A New Jersey state trooper, impressed by the exemplary behavior of over 93,000 Orthodox Jews at the Talmud study event at MetLife Stadium, asked the driver, “Have you done your page yet today?”
Close to 100,000 people on Wednesday – New Year’s Day 2020 – packed the MetLife Stadium in New Jersey to celebrate the herculean task of completing the entire Babylonian Talmud, called “Siyum HaShas,” which takes seven-and-a-half years of study, with a page each day.
The event saved a Jewish driver from a moving violation the next day, reports Yeshiva World News (YWN), a US-based orthodox Jewish news site.
The driver was stopped on the Garden State Parkway for a traffic violation, and when the trooper noticed the skullcap on his head, his first question was: “Have you done your page yet today?
When the driver responded that he had not yet done it, the report continues, the trooper said, “If you promise to do it today, I will let you off with just a warning!”
The trooper then told the driver that he was working at the stadium on the day of the Siyum HaShas and was highly impressed by the behavior of the participants, according to the report. He was amazed that out of 93,000 people, there was not one intoxicated or disorderly person.
Rabbi Abe Friedman, the New Jersey State Police Chaplain, told YWN that there were 370 state troopers at the stadium that day, working the nearby exits, directing traffic, as well as securing the actual stadium. This does not include the FBI, DHS, local police and many other law enforcement agencies, the report notes.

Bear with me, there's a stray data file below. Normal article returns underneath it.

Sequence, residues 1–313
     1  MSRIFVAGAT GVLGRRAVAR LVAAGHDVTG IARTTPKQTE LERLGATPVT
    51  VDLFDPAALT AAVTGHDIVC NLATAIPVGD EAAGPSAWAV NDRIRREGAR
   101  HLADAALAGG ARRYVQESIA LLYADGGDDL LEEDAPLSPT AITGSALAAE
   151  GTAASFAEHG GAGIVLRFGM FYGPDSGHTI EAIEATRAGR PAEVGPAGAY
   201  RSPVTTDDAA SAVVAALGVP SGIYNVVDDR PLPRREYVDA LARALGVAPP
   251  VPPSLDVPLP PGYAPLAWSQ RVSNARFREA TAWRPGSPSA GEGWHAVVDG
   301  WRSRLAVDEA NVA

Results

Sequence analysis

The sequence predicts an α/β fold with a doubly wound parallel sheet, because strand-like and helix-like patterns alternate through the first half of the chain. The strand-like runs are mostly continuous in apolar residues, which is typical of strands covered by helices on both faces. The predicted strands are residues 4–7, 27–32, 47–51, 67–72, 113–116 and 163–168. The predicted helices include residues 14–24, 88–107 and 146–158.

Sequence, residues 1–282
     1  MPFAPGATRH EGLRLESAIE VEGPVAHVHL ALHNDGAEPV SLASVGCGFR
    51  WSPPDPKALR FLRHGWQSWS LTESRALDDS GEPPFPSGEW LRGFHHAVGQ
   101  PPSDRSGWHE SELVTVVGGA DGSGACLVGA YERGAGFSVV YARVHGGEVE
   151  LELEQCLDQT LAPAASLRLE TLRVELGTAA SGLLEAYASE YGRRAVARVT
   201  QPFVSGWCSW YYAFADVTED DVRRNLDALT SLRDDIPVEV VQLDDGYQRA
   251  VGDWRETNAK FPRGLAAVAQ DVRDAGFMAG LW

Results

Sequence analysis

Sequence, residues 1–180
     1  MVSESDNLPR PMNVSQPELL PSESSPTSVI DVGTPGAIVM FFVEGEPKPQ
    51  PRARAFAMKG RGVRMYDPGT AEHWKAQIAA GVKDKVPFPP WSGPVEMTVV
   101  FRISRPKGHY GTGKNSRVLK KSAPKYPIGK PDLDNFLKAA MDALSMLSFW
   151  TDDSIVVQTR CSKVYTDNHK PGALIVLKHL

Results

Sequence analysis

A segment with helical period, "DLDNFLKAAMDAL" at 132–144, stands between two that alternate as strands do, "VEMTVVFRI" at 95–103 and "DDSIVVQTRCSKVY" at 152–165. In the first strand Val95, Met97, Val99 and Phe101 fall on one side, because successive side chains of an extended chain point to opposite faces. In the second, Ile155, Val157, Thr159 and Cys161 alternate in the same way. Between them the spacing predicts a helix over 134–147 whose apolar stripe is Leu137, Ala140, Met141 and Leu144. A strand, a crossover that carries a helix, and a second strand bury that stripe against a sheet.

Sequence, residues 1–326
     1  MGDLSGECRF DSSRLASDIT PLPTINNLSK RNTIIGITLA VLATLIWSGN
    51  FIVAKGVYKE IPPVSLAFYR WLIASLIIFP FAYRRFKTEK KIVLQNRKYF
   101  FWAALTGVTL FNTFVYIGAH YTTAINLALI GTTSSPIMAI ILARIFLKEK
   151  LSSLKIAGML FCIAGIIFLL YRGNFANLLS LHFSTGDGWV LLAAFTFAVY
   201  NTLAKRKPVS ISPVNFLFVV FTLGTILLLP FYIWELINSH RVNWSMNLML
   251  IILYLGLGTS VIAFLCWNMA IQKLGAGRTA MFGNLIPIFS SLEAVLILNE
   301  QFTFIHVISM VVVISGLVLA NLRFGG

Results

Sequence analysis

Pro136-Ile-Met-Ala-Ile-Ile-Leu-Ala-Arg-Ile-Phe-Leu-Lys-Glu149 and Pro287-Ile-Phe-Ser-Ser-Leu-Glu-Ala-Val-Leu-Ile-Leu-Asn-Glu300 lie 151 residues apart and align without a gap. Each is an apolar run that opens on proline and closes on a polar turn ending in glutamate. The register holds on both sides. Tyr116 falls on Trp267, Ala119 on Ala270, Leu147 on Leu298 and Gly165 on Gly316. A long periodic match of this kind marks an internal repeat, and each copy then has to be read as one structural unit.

Also present at the event were the NJ State Police Superintendent and NJ Governor Phil Murphy, who received a standing ovation from the crowd.
In video above (courtesy YWN), New Jersey Superintendent Col. Patrick J. Callahan speaks to colleagues and participants at Siyum Hashas event.
A smaller Siyum Hashas event took place at Barclays Center in Brooklyn, NY. At both events, tens of thousands entered security in an orderly fashion and were extremely polite, including saying ‘please’ and ‘thank you’ to staff and wishing them a Happy New Year.
At Barclays, YWN reports, Charles Scholl, the New York Police Department’s Deputy Chief of Patrol Brooklyn South, said that never before had he witnessed such courtesy and cooperation.
Commenting on the event, many religious Jewish observers describe the admirable behaviour of the Siyum Hashas participants as a Kiddush Hashem – literally a sanctification of God’s name – by bringing honor, glory and respect.